20 4.3 Complaints Policy Review We reviewed the concerns and complaints policy during 2013 alongside recommendations made in the Clwyd Hart Review (2013) 2. As a result a revised version of the complaints policy was approved by the Trust Executive Group in December Further development work is planned for 2014/15 which will lead to a new policy being produced to reflect the improvements and changes to the complaints management process. 4.4 Investigating trends and identifying issues The monthly complaints reports provides information to enable any specific themes or increases in complaints at directorate, ward or department level to be quickly identified and acted upon. The following examples illustrate some of the areas that have been followed up or investigated during 2013/14: June 2013 GP Collaborative The GP Collaborative service showed an increase in complaints in June due to problems with implementing the new national 111 service. The GP Collaborative service received calls before the 111 service went live in Sheffield. In addition the service also received some feedback in relation to the increased demand for urgent care experienced by all care providers during the winter of 2012/13. The situation was closely monitored and since June the GP Collaborative has not seen any further peaks in complaints. November 2013 Neurology An increase in complaints in the Neurology Outpatient Department in November led to a review being undertaken. A number of patients in Neurology have ongoing psychological issues as part of their illness; these patients can struggle with the complexity of their diagnosis, which can result in them raising complaints. As part of the review, options were considered to enable support to be provided to these patients to reduce the number of complaints, such as having a third person in the room with the consultant, or an audio recording of the clinical consultation. A training session was delivered to consultants in Neurology providing an overview of complaints received and guidance on how to respond to concerns before they escalate to become more serious complaints. December 2013 Specialised Rehabilitation Analysis of the complaints within Specialised Rehabilitation was carried out in December, following a 44% increase in complaints. The rise in complaints was due to an increase in the waiting time for an assessment at home for wheelchair services. This was due to problems in recruiting skilled technicians. As a result agreement had been given to look at up-skilling members of the physiotherapy team to expedite the delivery of wheelchair services. 4.5 Service Improvements and Key Achievements We place a high value on complaints as a measure of the quality of service delivered, and to support service improvement. We recognise that people are motivated to make a complaint for different reasons but often because they want to ensure that things can be improved for other patients. When we investigate a complaint, we always ensure that any improvements we can make as a result of learning from the case, are clearly explained to complainants, documented and followed up to ensure they are implemented as planned. Agreeing and undertaking actions as a result of complaints investigations, where mistakes have been made, or where services have not been delivered as we might have hoped, is the most important factor in learning from complaints. A total of 124 specific action plans have been formally agreed in response to complaints in 2013/14. Examples of actions taken as a result of complaints are presented below: Sexual Health Service A complaint was received from a patient with a latex allergy who had been provided with latex based condoms. As a result the matron organised further training for staff, and our condom providers were asked to attend a training session to highlight the differences in their products, and to confirm which may be latex based to prevent this from recurring. Metabolic Bone Centre A patient who attended the Metabolic Bone Centre (MBU) complained that there was nowhere to hang their clothes when they attended for scans and blood tests, as they had to leave their clothes on a chair. The clinical 20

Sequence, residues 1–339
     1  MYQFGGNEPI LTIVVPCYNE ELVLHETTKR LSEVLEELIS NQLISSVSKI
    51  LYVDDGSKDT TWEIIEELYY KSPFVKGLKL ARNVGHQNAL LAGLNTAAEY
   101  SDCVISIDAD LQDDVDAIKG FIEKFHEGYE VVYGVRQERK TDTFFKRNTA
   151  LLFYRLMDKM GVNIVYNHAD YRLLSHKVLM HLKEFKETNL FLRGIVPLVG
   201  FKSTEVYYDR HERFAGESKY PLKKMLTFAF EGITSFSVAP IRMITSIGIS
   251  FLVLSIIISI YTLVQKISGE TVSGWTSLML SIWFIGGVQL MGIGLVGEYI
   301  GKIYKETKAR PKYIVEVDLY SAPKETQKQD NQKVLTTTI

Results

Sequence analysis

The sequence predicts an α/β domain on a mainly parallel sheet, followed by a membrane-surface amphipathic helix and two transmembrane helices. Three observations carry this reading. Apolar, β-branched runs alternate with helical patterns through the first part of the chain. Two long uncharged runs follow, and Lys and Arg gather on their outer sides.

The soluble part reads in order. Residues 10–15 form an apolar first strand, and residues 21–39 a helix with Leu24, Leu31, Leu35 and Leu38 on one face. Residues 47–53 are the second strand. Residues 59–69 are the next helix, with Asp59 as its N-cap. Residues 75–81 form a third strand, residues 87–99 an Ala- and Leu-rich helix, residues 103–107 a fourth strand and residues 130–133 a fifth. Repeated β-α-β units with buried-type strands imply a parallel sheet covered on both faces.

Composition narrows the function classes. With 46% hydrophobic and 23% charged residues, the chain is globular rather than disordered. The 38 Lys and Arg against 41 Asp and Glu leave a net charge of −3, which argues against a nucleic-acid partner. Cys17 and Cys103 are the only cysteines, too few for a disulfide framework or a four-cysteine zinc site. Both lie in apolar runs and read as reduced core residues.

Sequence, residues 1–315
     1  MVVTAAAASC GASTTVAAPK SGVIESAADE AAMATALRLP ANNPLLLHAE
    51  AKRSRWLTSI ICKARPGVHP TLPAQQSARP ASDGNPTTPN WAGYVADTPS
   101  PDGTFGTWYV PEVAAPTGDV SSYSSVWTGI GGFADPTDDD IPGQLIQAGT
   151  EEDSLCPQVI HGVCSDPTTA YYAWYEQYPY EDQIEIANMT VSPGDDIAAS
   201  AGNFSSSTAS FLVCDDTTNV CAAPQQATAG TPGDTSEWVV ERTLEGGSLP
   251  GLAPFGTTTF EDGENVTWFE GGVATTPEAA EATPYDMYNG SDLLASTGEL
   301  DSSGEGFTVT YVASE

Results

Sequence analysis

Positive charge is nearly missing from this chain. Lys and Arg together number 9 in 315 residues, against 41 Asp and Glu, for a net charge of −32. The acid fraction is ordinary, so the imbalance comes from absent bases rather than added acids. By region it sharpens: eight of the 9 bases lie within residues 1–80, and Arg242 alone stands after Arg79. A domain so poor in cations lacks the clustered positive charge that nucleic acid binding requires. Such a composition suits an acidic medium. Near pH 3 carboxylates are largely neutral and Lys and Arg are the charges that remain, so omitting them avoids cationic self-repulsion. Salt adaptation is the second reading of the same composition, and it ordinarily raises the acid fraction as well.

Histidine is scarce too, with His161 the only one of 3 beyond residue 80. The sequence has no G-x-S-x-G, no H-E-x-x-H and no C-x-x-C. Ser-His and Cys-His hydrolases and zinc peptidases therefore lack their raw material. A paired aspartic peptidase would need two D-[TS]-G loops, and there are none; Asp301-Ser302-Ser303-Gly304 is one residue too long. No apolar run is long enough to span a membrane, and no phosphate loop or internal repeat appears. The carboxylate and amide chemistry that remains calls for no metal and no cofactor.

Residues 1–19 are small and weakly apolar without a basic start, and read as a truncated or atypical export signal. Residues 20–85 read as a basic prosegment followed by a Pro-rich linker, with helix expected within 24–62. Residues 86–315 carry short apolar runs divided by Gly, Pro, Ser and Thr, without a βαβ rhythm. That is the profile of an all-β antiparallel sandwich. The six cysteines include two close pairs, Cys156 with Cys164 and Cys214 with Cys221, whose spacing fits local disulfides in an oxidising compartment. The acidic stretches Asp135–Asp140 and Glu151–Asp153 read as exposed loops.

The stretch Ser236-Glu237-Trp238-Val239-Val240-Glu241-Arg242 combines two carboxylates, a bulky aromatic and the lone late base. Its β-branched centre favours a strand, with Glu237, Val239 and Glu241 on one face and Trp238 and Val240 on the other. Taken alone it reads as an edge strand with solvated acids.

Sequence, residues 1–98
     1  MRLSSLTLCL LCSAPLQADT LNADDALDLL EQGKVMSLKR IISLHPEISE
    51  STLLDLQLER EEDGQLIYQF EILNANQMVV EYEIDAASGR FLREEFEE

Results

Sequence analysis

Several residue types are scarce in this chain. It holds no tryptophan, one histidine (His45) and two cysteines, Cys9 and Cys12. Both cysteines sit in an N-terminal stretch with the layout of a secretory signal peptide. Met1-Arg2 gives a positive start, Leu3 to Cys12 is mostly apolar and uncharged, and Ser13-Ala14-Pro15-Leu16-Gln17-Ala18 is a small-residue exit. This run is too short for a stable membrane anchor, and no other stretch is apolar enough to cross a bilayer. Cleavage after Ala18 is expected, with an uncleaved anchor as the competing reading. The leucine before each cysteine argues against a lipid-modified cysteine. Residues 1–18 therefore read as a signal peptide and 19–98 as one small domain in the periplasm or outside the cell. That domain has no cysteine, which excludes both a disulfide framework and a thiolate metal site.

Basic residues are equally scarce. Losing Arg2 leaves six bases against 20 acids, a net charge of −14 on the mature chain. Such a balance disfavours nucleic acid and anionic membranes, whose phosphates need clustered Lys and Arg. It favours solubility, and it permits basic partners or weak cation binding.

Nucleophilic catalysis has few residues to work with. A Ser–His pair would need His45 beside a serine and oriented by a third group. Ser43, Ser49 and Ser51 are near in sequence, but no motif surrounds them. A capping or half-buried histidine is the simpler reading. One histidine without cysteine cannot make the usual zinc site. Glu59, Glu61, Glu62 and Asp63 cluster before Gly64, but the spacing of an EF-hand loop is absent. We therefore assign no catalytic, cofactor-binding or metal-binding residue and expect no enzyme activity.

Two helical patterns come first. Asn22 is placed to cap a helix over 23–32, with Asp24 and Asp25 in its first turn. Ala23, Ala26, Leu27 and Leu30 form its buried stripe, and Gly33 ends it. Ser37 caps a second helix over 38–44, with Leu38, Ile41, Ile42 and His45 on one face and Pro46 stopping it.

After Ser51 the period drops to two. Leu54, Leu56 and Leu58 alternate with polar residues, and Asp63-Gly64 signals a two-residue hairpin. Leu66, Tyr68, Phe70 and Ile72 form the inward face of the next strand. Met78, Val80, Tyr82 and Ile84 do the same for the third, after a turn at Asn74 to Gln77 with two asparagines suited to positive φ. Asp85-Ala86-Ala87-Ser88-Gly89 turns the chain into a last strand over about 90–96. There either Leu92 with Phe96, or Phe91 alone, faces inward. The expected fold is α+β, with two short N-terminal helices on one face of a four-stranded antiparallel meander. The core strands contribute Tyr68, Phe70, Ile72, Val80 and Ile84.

21 lead has now arranged for all rooms in MBU, where patients are asked to remove items of clothing to be fitted with clothes pegs. Day Surgery Unit A complaint was received from a patient who was not given enough dressings following a mastoidectomy (an operation to remove an infection or skin growth behind the eardrum). It was standard practice for the Day Surgery to issue a one week supply of dressings. As a result of this feedback, the unit now provide patients with up to seven weeks supply of dressings. Wheelchair Services Following a number of complaints received due to an increasing waiting time for an assessment at home for wheelchair services, the wheelchair services team had an away day to process map the service and identify improvements. This led to the formation of a working group which now meets regularly. The team have made changes to the service which has resulted in an additional 8-12 patients being seen each week, further plans to increase this by another 8 patients by the end of May 2014 are in place. 21